Grand Rapids, MI – Grand Rapids city leaders are considering a proposed human rights ordinance that would make it a criminal offense for citizens to call police on people of color if it is determined they haven’t broken any laws.
The commission held a public hearing on the ordinance on April 23, to discuss “making it a criminal misdemeanor to racially profile people of color for participating in their lives,” according to a city press release.
The proposed human rights ordinance defined a plethora of protected classes that have allegedly been the subjects of “biased crime reporting.”
Under the proposed ordinance, citizens would be prohibited from “knowingly or recklessly” reporting crimes or potential crimes “if such report is based…on the individuals’ membership in a protected class and not on a reasonable suspicion of criminal activity in consideration of all available facts and the totality of the circumstances.”
Anyone determined to have violated the ordinance would face a potential $500 fine, according to WOOD.
Proponents of the ordinance claim that law enforcement officers have needlessly been dispatched to multiple scenes unnecessarily due to discrimination or implicit bias on the part of citizens reporting alleged crimes, MLive reported.
“Often times, the Grand Rapids Police Department ends up being caught in the middle of what is a bigger community problem,” LINC Up advocacy group director Jeremy DeRoo said.
“They look bad because they approach individuals who are people of color, and it appears the police department is biased when really they’re responding to phone calls made by the community and it appears that a number of those are motivated by people in a discriminatory way,” he explained.
Resident Lisa Wood told the commission that she is in favor of the ordinance because she is concerned about the welfare of her biracial grandchildren, WOOD reported.
“I am appalled that I live in a city that has to have an ordinance that tells people not to call the police on people because of the color of their skin,” Wood said. “I refuse to let them grow up in that kind of world.”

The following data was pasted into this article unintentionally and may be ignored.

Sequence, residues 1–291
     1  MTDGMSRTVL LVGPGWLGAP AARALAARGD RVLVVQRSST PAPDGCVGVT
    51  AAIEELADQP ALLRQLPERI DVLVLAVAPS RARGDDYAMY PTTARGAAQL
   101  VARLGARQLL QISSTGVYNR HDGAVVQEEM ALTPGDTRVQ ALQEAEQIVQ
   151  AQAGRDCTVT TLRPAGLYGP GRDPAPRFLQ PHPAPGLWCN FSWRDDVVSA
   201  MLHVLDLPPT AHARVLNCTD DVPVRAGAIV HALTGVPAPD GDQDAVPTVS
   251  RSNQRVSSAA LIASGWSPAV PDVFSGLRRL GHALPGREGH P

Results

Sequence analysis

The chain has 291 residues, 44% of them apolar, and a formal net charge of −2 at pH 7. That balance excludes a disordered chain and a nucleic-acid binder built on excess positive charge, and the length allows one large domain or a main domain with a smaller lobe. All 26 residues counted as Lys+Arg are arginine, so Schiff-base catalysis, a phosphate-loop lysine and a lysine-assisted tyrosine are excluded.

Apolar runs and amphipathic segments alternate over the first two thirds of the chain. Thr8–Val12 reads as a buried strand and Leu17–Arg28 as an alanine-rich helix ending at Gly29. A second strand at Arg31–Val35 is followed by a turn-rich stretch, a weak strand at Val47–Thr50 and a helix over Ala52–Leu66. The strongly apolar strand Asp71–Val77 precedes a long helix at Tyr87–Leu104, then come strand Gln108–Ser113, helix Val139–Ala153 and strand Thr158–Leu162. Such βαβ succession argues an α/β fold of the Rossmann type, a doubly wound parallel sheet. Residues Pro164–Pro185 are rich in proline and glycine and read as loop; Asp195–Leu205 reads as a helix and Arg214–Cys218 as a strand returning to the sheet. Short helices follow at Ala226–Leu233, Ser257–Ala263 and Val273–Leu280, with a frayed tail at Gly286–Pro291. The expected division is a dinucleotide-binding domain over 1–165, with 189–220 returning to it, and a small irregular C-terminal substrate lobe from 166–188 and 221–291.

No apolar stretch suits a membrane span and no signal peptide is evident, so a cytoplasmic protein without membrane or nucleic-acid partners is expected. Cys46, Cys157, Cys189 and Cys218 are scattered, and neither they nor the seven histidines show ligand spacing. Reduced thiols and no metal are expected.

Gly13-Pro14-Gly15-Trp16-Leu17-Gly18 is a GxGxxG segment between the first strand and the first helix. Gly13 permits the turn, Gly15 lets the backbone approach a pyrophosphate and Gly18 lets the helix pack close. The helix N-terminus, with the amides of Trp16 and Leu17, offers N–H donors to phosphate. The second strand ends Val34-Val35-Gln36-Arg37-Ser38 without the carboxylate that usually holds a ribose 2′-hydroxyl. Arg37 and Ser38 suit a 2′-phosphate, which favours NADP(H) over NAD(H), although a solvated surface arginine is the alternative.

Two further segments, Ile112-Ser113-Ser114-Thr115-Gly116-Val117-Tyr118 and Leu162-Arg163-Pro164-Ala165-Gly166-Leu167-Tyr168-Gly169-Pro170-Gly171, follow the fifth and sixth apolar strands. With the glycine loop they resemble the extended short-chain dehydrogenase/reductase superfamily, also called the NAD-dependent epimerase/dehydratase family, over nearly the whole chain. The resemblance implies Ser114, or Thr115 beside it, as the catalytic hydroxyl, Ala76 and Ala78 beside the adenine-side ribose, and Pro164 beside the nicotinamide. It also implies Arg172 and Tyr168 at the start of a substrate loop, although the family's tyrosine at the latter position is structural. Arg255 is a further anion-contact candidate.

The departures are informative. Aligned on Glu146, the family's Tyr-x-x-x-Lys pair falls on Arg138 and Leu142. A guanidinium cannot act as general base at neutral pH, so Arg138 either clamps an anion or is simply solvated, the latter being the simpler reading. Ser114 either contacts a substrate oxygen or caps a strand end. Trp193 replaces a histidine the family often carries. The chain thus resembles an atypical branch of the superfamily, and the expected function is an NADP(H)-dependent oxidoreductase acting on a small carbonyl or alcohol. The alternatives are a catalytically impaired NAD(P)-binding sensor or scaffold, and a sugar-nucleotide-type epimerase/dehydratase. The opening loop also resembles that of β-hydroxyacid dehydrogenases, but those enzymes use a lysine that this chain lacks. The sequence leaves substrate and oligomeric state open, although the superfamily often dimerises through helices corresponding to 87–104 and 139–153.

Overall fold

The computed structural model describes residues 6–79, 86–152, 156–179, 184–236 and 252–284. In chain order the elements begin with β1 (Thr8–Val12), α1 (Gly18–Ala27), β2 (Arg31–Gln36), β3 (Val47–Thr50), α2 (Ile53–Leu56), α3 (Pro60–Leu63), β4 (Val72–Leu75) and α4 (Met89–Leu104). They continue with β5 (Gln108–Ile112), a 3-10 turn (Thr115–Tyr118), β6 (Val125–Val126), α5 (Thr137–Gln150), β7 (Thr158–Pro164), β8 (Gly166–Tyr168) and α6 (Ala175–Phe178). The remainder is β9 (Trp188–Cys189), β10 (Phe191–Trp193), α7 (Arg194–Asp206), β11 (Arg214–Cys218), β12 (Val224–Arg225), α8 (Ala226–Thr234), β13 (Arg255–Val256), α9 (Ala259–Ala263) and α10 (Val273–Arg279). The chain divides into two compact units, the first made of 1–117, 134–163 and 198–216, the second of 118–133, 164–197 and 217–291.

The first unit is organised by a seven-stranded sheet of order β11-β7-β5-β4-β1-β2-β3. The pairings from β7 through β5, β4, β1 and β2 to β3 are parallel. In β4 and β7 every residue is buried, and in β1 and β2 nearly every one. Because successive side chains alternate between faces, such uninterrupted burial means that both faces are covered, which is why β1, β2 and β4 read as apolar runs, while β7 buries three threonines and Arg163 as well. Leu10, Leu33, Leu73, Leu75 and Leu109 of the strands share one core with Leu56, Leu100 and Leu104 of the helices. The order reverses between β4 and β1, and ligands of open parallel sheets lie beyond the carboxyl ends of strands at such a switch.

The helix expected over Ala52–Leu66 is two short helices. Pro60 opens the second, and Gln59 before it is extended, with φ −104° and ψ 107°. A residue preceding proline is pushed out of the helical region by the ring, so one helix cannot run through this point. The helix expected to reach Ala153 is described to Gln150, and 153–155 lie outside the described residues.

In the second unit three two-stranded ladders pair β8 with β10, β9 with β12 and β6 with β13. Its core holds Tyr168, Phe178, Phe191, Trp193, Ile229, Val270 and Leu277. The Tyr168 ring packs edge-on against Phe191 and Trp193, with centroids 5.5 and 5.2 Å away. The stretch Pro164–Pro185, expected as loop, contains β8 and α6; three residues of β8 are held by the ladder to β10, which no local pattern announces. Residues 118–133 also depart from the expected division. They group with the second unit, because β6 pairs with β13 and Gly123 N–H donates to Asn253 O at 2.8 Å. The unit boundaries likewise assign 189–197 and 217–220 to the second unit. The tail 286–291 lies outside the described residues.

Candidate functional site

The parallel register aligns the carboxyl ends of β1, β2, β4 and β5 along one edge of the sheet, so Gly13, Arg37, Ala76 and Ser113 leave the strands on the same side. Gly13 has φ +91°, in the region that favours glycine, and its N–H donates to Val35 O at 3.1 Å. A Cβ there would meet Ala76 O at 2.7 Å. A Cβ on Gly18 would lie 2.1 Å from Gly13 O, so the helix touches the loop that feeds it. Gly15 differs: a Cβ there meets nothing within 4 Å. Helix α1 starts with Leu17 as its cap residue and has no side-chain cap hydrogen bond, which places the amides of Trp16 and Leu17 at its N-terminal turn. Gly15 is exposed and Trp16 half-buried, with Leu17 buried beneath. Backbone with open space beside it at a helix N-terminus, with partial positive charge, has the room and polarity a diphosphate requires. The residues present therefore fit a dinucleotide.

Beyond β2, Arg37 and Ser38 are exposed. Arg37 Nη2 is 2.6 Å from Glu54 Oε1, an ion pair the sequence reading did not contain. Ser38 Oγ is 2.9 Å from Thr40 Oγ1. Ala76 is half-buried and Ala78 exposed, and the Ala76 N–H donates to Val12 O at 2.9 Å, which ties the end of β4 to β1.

Grand Rapids Diversity and Inclusion Manager Patti Caudill said that the ordinance is not intended to discourage people from placing 911 calls, according to MLive.
“Call the police, but if you’re calling because your neighbors are having a barbecue and you’re calling because of some implicit bias because they’re people of color, we don’t want to see that,” Caudill said.
“If you’re in a park or see someone coming through the neighborhood who doesn’t look like you, check your bias before you call the police,” she added, according to The Washington Post.
Critics noted that the proposed ordinance would be difficult to enforce because the intent of the person calling police is not always known.
“How will investigators of the alleged bias determine what is truly a sinister and criminal motive from a simple misunderstanding?” one citizen asked the commission, according to The Washington Post.
Others expressed concerns that people would likely hesitate to report crimes to police out of fear of making a mistake and being criminally charged.
Law enforcement agencies generally encourage people to report suspicious behavior, even if they don't know a crime is being committed.
Citizens also noted that filing a false police report is already an illegal act, and argued that the new ordinance is redundant.
“It is good that we as a community value leaving people alone and letting them live their lives without fear of discrimination, but we already have laws saying it's illegal to discriminate based on their protected class, and to create additional redundant legislation does nothing,” one resident said, according to WOOD.
The city commission is scheduled to vote on the ordinance sometime after May 14.